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RUNNING PROJECTS

 

Nick Lab

  • Genetic resources for salt tolerance in wild grapes (BMBF-Tunesien)
  • Microfluidic biofermenter for anti-cancer drugs (BMBF)
  • New Compounds from Chinese Medical Plants (BMELV)
  • Genetical Ressources Blackrot-Resistance (BMELV)
  • Bacchus - Research for Sustainable Viticulture (EU-Interreg)
  • Vitifutur - Training for the Viticulture of the Future (EU-Interreg)
  • Genbank Crop Wild Relatives (BMELV)
  • Ex-situ and in-situ conservation of the German species of responsibility (BfN)
  • Molecular Authentification Chinese Medical Plants (Fa. Phytocomm)
  • Genetical Ressources Amaranth against Celiaky (BMBF-ZIM)
  • Desertcereals (BMBF)

 

Puchta Lab

  • Development of novel CRISPR/Cas based technology for plant breeding (Second ERC Advanced Grant in series)
  • Controlle Plant Breeding in Tomato (Second EU-MC ITN in series)
  • “Genome Engineering” für “Molecular Farming” in Nicotiana Species (EU H2020 Research Network)
  • Single Strand Break DNA Repair in Plants (DFG)
  • DNA Mechanism of Meiotic Recombination (DFG/ERA-CAPS)
  • “Genome Engineering” for Genome Haploidisation in Plants (BMBF-PLANT 2030)
  • Targeted Plant Breeding (ERC Advanced Grant)
  • Plant Response to Genome Damage (EU-Interreg)
  • Control of Plant Breeding (EU-MC ITN)
  • Breast Cancer Genes of Plants (DFG)
  • Mechanisms of Plant Inheritance (DFG/Priority Programme)
  • Targeted Genome Manipulation in Plants (BMBF-GABI)
  • Mechanism of genetic exchange in meiosis (DFG/ERA-CAPS)

Research in the Botanical Garden

Modellpflanzen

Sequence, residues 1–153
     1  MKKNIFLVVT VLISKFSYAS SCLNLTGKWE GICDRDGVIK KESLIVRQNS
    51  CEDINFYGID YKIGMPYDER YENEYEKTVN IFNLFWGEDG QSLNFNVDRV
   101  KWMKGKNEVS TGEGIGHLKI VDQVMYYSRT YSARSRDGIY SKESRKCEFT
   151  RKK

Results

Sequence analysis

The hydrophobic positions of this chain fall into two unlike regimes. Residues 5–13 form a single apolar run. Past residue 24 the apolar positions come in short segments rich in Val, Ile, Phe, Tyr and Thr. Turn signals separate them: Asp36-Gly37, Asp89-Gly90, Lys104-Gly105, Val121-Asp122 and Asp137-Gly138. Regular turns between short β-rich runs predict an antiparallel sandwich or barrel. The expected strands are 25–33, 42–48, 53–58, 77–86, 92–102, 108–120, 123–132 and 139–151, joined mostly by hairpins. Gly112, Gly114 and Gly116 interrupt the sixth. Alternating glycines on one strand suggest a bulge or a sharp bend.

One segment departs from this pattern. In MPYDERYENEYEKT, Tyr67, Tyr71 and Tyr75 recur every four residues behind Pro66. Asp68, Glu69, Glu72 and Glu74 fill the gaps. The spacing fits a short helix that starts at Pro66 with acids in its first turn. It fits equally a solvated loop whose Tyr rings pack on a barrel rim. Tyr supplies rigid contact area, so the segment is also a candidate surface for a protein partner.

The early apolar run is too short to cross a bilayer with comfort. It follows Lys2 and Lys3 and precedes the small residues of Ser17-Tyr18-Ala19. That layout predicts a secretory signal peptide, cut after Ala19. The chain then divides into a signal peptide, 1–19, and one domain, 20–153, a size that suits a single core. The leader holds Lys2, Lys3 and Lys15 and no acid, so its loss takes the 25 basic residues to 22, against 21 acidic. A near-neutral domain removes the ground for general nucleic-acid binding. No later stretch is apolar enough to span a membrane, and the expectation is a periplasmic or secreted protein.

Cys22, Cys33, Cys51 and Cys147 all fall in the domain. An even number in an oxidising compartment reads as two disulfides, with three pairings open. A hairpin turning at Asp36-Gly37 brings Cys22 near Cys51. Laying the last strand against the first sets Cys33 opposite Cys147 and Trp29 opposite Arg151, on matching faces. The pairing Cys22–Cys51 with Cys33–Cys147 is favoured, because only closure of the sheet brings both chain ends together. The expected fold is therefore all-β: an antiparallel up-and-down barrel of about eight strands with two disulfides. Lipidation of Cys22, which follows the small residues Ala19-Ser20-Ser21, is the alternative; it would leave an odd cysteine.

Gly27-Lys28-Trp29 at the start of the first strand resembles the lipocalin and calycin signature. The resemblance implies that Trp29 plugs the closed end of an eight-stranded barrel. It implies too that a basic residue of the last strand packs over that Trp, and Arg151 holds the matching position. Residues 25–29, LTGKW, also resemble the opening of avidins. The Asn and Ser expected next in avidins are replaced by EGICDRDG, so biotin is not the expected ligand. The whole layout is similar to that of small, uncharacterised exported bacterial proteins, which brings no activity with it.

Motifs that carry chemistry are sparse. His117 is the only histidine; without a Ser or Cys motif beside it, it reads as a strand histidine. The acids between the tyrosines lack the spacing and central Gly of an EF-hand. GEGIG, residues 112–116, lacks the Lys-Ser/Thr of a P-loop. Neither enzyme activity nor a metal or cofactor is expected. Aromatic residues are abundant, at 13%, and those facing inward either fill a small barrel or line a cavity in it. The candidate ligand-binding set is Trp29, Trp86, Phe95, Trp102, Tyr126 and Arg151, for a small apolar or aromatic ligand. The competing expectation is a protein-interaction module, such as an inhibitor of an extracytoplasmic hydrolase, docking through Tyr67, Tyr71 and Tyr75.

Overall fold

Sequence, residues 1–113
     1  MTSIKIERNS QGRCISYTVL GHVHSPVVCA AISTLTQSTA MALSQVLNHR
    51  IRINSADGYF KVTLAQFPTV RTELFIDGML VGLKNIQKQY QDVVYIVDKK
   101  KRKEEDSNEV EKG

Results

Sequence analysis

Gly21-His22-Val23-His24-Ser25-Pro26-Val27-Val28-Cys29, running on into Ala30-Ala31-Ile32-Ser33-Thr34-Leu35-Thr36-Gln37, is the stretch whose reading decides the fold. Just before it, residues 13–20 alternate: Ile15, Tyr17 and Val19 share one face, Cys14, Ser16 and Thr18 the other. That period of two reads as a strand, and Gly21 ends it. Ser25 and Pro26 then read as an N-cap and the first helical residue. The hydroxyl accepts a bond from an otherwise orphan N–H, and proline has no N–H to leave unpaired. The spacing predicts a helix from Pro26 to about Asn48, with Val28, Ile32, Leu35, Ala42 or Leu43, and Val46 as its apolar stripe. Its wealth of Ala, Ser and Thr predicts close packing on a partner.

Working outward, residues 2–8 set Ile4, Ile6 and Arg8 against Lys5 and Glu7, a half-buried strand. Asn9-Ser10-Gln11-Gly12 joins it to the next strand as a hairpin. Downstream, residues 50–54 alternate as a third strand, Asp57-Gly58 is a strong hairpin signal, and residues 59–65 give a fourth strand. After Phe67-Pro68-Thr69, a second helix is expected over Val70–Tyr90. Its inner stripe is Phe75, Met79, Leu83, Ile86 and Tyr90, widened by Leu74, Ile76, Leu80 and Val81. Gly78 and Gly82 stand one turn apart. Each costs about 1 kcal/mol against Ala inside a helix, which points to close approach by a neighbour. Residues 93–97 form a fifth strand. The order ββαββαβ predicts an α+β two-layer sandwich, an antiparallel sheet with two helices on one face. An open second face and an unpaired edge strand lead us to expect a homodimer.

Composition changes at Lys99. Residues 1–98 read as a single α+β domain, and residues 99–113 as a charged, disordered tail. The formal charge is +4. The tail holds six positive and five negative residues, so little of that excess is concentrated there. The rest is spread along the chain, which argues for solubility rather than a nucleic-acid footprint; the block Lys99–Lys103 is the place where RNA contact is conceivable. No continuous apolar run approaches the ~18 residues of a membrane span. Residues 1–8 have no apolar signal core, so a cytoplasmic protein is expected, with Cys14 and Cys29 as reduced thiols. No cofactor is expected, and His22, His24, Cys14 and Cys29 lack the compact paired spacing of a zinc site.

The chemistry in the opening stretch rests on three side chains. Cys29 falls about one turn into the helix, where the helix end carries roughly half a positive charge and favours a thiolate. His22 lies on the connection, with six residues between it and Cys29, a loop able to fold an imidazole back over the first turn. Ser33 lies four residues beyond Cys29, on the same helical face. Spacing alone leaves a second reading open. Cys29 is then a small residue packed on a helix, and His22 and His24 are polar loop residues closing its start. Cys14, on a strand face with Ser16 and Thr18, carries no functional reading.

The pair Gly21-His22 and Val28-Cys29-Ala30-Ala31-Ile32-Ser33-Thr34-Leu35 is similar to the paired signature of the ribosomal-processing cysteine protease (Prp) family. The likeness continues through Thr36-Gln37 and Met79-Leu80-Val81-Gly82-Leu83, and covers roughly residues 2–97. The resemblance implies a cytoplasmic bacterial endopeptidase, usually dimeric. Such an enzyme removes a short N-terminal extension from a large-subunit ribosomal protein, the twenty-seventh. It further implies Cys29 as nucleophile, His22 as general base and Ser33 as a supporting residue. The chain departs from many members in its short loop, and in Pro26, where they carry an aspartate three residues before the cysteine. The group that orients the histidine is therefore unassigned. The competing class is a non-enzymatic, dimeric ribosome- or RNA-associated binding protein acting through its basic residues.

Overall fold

Koelreuter
Joseph Kölreuter, later the first direktor of the Botanical Garden, demonstrated in 1759 in elegant experiments in tobacco plants that both, father and mother symmetrically contribute to inheritance and thus founded genetics as a science.
Modellpflanzen
The genes are - 250 years after Kölreuter - still intensively investigated in the model plants tobacco, thale cress, rice, and grapevine.

The Botanist Kölreuter discovered in plants the laws of genetics (around a century before Mendel and long before the foundation of the university). But still the Botanical Garden is absolutely essential for research at the KIT:

Model plants: Using the model plants thale cress (Arabidopsis thaliana), Rice (Oryza sativa), tobacco (Nicotiana tabacum) and grapevine (Vitis vinifera), we can study the function of genes. Our collections of mutants and transgenic lines help to get insight into the molecular base of development, growth and metabolism. This has also impact for applciation - the function of human breast cancer genes can be more easily studied in Arabidopsis, rice genes for breeding of drought-resistant varieties can be found, or grape genes help to improve plant immunity.

Wild Grapevine Collection: Nature is innovative and has developed for numerous Problems already sustainable solutions that had been optimised over millions of years. We can analyse those solutions and make use of them for the sustainable agriculture of the future. The Wild Grapevine Collection built up in the Botanical Garden over the years, is unique in Europe and serves as important genetic resource to breed new grape varieties that are immune against diseases. These grapes play a central role in several national and international research projects.

Reference Collection for Molecular Authentication: Globalisation does not spare the food sector. We have developed new methods to safeguard consumers against adulteration. For this purpose we have built up a collection of reference plants in the garden that have been identified often with support of international experts and act as "Gold standard" in several industrial projects on quality management, but also as source to mine for novel active compounds. Of special interest: our collection of plants used in Traditional Chinese Medicine.

Gene Bank Crop Wild Relatives: On demand of the Ministry for Agriculture wild ancestors of our crop plants were collected all over Germany to secure important gene variants that later can become useful for the breeding of new varieties with better resilience against environmental stress.